Intel, ST get together for the memories

Later than hoped but still looking good, a new memory technology could combine the appeal of Flash and RAM
Written by Rupert Goodwins, Contributor

Memory technology combining the best of Flash and RAM is coming closer, with Intel and ST set to announce a co-developed 90nm technology for production parts.

According to a report in EETimes on Monday, the two companies will outline the new technology, known as Phase Change Memory (PCM), in a paper to be presented to the Very Large Scale Integration (VLSI) Technology Symposium in Hawaii later this week.

PCM uses a combination of standard silicon chip techniques and rewritable optical disk materials, promising the very long-term data retention of Flash combined with the high speed of standard DRAM.

The abstract of the paper quotes high reliability, good performance and small size as key attributes, as well as encouraging test results from experimental multi-megabit devices. The two companies are also cooperating on standardising the components for marketing, with initial markets seen in mobile phone and other portable devices.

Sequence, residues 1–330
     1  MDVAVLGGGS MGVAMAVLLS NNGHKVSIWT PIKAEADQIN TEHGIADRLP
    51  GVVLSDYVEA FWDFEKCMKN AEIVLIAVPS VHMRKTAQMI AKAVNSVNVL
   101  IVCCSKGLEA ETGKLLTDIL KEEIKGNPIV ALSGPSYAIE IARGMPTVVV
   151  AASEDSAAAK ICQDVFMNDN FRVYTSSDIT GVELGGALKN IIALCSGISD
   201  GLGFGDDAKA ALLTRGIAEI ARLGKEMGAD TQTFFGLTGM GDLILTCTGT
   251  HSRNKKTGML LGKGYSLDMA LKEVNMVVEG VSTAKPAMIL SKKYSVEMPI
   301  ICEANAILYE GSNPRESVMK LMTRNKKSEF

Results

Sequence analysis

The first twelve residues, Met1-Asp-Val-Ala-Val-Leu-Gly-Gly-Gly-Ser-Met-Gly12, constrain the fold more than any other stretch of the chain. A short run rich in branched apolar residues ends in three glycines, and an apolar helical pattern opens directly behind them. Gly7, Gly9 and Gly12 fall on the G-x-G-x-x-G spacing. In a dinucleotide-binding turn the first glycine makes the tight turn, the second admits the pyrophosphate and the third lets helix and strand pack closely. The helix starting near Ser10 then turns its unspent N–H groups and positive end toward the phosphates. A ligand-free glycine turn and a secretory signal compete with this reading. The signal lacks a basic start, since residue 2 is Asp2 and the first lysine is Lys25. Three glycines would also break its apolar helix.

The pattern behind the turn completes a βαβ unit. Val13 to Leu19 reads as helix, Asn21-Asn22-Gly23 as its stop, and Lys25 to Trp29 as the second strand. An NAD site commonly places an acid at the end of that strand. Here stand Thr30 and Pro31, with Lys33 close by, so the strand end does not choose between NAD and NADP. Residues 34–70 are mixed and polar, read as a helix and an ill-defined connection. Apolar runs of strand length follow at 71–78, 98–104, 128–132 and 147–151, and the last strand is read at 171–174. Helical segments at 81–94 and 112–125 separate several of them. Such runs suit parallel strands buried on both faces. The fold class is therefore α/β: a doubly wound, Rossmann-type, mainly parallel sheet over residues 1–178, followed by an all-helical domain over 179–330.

Volume production of multigigabit PCM should arrive at 45 or 32nm some time after 2008, according to ST, with sample parts not expected before 2007. ST had previously said sampling would take place by 2005. Intel has previously said that it expects PCM to scale down to at least 22nm, giving the technology a roadmap well into the next decade.

PCM uses energy switched by an ordinary transistor to heat up a tiny amount of chalcogenide alloy, a mixture of antimony, germanium and tellurium also used in CD-RW and DVD-RAM disks. Rapid heating and cooling leaves it in a glassy state, slightly slower heating leaves it crystalline. This change in state is easily detectable electronically and is permanent until deliberately changed again. A computer turned off while working could be switched on again hours or years later without any loss of data.

Many other companies, including IBM, Samsung, NEC and BAE Systems, are active in PCM. The original licensee of the technology, Ovonyx, claims that PCM will have a lifetime of more than ten trillion operations, compared to 100,000 for Flash. It could replace Flash at first, with the possibility it could become the much-heralded "universal memory" technology which combines all solid-state memory functions in one, Ovonyx claims.

Editorial standards